Types of dysarthria
The types of dysarthria that we will see in this section differ among them mainly in the location of the lesion at the level of the central nervous system.
Spastic dysarthria is due to injuries in the pyramidal tracts , related to fine motor control of the muscles of the face and neck.
In this type of dysphasia, hypernasality and sudden increases in speech volume occur. Vocalization tends to be tense and forced.
Lesions in the cerebellum cause ataxic dysarthria, whose most characteristic signs are presence of flat, monotonous prosody and slow vocalization and uncoordinated, similar to that which occurs in the state of intoxication. The typical speech of this type of dysarthria has sometimes been described as "explosive".
In this type of dysarthria the vagus nerve is affected , which allows the movement of the larynx and therefore the vocal cords. There are also dysfunctions in other facial muscles.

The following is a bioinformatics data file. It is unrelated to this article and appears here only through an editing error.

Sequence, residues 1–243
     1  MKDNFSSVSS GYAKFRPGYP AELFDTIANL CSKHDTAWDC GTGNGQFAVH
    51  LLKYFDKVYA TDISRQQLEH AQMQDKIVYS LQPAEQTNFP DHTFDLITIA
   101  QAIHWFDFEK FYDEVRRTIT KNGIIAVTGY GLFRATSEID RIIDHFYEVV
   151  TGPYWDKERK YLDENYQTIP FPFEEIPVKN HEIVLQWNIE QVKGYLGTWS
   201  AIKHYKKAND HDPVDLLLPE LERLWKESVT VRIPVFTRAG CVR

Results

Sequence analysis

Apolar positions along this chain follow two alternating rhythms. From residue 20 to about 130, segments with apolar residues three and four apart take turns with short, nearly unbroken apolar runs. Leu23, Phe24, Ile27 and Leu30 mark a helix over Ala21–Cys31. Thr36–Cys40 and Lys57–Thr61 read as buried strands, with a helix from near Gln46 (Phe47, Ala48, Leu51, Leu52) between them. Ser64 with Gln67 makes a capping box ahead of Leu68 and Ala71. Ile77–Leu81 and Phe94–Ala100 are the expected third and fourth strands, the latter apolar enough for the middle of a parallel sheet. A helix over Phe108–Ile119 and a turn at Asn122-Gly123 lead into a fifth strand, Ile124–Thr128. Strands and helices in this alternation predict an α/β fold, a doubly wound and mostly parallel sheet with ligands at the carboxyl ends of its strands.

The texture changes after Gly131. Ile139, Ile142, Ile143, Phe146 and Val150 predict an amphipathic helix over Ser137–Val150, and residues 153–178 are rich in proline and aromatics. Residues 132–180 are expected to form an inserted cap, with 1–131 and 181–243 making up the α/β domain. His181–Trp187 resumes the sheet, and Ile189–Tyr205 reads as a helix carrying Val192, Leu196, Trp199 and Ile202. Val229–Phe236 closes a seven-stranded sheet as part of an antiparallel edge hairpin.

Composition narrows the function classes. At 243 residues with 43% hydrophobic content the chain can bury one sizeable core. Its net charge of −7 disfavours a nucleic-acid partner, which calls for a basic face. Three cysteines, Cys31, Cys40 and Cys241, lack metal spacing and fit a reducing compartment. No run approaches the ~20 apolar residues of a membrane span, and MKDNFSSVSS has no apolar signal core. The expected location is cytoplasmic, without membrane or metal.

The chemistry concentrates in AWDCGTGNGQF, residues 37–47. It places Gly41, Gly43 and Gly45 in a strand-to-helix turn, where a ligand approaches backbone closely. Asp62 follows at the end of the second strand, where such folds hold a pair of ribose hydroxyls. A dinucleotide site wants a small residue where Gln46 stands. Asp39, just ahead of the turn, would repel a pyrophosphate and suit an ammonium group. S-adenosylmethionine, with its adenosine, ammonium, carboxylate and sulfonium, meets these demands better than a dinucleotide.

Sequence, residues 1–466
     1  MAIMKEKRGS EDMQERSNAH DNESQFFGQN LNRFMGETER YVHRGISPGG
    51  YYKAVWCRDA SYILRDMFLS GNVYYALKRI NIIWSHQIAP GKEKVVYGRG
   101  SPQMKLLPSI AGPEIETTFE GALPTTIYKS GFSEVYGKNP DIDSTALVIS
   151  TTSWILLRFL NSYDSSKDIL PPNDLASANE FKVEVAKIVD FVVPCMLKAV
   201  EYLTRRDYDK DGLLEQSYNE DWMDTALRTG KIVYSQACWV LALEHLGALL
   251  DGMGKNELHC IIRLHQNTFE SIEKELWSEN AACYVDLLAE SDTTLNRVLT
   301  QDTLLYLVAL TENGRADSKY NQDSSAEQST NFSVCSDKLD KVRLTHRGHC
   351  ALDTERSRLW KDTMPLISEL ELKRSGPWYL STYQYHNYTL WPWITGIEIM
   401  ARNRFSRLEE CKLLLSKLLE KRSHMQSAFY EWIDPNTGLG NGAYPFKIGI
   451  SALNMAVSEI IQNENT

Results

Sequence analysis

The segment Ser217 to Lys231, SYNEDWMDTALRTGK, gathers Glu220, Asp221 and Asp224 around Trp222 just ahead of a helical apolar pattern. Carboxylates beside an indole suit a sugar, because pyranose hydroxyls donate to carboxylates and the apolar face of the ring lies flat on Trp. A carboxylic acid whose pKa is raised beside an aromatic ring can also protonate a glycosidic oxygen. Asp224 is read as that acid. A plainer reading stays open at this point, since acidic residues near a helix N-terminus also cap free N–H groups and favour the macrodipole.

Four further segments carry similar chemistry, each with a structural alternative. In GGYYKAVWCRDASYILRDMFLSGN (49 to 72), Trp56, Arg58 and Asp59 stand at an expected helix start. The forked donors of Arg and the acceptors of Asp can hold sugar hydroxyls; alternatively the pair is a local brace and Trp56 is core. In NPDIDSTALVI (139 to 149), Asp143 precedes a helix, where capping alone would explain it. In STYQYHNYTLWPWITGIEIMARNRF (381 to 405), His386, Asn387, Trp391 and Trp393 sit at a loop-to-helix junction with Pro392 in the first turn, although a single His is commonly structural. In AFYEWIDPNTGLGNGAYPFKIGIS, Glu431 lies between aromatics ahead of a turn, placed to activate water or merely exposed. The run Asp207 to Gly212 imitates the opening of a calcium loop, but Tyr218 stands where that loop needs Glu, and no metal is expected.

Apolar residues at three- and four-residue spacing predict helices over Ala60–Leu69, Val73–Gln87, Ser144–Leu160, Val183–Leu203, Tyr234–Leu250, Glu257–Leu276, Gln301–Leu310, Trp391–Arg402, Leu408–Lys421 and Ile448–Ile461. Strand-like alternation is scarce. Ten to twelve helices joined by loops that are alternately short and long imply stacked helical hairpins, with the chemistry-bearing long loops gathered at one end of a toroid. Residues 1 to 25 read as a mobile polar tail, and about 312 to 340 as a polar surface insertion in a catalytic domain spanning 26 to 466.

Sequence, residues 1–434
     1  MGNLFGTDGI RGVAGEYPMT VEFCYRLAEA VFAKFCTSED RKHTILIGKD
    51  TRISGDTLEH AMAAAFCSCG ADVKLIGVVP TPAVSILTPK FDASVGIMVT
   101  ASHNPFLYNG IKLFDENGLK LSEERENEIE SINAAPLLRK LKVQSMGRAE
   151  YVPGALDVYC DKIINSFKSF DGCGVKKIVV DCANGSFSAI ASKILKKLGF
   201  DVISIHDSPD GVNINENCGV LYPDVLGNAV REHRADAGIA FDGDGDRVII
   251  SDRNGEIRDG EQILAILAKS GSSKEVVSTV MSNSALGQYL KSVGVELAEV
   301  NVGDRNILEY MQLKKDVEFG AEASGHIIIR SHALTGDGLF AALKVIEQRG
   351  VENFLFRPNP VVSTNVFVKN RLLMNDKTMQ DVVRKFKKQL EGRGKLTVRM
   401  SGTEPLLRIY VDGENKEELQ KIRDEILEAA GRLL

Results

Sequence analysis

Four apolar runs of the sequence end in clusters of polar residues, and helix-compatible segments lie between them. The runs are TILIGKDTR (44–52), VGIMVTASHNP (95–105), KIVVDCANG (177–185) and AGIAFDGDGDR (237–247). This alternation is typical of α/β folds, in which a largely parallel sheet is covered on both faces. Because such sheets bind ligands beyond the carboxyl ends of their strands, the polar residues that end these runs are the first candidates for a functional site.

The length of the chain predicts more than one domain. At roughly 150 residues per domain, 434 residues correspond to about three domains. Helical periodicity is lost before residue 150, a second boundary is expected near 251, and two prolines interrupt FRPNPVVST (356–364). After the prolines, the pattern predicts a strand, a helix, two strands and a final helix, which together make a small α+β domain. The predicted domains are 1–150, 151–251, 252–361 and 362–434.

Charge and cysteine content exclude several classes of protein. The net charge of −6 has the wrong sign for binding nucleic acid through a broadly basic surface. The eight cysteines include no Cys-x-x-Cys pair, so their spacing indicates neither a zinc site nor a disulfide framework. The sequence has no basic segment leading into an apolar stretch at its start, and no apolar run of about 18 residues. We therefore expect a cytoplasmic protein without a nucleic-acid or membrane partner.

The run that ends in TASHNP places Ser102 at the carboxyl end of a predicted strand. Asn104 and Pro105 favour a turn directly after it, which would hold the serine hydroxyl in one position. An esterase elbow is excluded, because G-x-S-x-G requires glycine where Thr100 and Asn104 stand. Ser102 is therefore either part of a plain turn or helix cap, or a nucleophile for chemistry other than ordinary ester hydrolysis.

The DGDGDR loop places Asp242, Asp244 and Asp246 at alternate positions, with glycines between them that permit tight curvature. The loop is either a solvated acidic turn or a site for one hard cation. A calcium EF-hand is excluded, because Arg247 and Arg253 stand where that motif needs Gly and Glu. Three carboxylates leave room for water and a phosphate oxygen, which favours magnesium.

In cases of flaccid dysarthria the muscles may atrophy or become partially paralyzed, causing spasms, drooling and muscle tension.
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Hyperkinetic dysarthria is usually caused by lesions in the basal ganglia, subcortical structures involved in involuntary movements.
The symptoms of this type of dysarthria are similar to those of the spastic: the voice tends to present a rough quality and Hypernasality also occurs .
In general, hypokinetic dysarthria appears as a result of Parkinson's disease , although it is also common for the cause to be the continued use of antipsychotic medications.